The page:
“Who wants to go to the pumpkin patch?”
Every year in late October my son’s school takes a field trip to a local “pumpkin patch and family fun park”. For the last two years, I have gone as well. Many parents join the expedition as chaperones or drivers, but I am there specifically to ensure that my son does not have an “episode”.
Three years ago, before I began attending, there was an incident. At some point during the train ride my son became unaccountably agitated, and behaved aggressively toward the aide who was accompanying him, biting her on the arm. Afterward he had to be isolated from the other children while they calmed him down.
We weren’t surprised when we heard the news. There had been several similar incidents before then, and the field trip itself was a minefield of triggers. It was a full day of unstructured time, for instance, and my son fares best when there is routine. Riding the train was a novel experience, and it’s hard to tell in advance how he will react to such things. Perhaps most significantly, there was no way to exit the vehicle once he began to get agitated. Normally, when we or one of his teachers sense that he is becoming upset, we quickly intervene to separate him from the “antecedent”, as they say in ABA. In a situation like a train however, where there is no escape, there may also be no way to circumvent an outburst .
That was a rough year for him, and he has since gotten much better. Still, the school asks that I accompany him on these trips, as a precaution.
Because my son is largely non-verbal, he doesn’t tell us when he’s happy or sad or angry. We instead have to infer his internal state from his actions and demeanor. When happy he laughs, and displays boundless exuberance. He cries when sad – sometimes body-wracking sobs for reasons unknown to us. When he is angry he often lashes out, grabbing or pinching, and in extreme cases biting. Usually these are just fleeting moments of aggression, but occasionally he will fly into a rage, at which point it becomes exceedingly difficult to de-escalate the situation.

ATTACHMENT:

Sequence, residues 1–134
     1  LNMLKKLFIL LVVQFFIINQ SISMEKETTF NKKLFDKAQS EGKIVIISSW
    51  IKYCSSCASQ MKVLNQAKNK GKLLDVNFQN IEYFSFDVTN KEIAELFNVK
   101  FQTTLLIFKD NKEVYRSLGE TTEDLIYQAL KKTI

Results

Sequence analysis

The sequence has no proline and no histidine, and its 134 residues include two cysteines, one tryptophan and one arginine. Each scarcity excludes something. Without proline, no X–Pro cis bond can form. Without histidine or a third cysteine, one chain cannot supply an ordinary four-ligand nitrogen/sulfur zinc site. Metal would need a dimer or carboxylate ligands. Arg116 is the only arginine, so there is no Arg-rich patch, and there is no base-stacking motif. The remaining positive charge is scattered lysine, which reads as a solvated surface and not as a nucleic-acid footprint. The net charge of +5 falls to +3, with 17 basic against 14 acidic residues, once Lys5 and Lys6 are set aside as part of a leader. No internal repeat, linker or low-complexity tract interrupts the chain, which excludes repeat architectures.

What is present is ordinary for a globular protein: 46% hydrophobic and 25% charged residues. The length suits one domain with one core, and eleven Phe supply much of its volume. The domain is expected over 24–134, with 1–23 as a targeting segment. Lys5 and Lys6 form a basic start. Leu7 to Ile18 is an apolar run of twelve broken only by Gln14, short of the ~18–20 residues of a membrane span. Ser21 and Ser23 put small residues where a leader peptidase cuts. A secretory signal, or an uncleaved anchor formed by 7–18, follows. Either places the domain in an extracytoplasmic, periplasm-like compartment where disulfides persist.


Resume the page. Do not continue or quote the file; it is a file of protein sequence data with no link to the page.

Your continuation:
This became such a problem that we genuinely worried that he would get kicked out of school. Our greatest fear was that he would behave aggressively toward another child. Fortunately, these episodes conformed to the general rule that he ignores all except those with whom he is most familiar. Thus, the targets of these attacks were usually his teacher, aides, and parents, and we have all learned strategies for defusing the situation.
Over the last few years these incidents have become, on average, less frequent and severe. This is partly because he is maturing, I’m sure. But it’s also because we’ve become skilled at predicting what will disturb him, and steering clear of those circumstances. When we rode the train at the pumpkin patch today, for instance, I took a number of steps to minimize the chance that he would become upset. We waited until there wasn’t a line so we could board immediately, and wouldn’t find ourselves in the middle of a crowd. We sat by ourselves, at the front of a car. I held his hand to make sure he felt secure. And I watched him vigilantly out of the corner of my eye, for any sign of agitation. Whether because of these precautions, or due to factors beyond my ken, he remained calm for the entire ride, and asked to go again.
I’ve always been something of an existentialist, believing that we can never truly know what’s in the mind of another. Others may tell us what they are purportedly thinking and feeling, but even then you can never really know if they are telling the truth, or if their perception of emotion is synonymous with your own. With my son, you don’t even get this. All you can do is look at the shadows on the cave wall and guess as to what are casting them.
And even though we know our son better than anyone, we still cannot predict with anything resembling certainty how he will react to any given situation. His moods are as volatile and unpredictable as the weather. Our ability to forecast has improved over the years, but even we carry umbrellas.